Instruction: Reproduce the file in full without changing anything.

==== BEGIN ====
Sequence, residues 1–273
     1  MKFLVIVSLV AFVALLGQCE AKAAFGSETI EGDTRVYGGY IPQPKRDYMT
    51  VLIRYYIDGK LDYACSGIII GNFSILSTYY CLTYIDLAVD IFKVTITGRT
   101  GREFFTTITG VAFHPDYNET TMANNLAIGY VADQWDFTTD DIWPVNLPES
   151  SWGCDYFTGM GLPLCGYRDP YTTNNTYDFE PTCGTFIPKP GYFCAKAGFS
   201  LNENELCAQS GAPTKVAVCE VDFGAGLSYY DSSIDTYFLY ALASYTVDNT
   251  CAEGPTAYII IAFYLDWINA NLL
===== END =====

Sequence, residues 1–273
     1  MKFLVIVSLV AFVALLGQCE AKAAFGSETI EGDTRVYGGY IPQPKRDYMT
    51  VLIRYYIDGK LDYACSGIII GNFSILSTYY CLTYIDLAVD IFKVTITGRT
   101  GREFFTTITG VAFHPDYNET TMANNLAIGY VADQWDFTTD DIWPVNLPES
   151  SWGCDYFTGM GLPLCGYRDP YTTNNTYDFE PTCGTFIPKP GYFCAKAGFS
   201  LNENELCAQS GAPTKVAVCE VDFGAGLSYY DSSIDTYFLY ALASYTVDNT
   251  CAEGPTAYII IAFYLDWINA NLL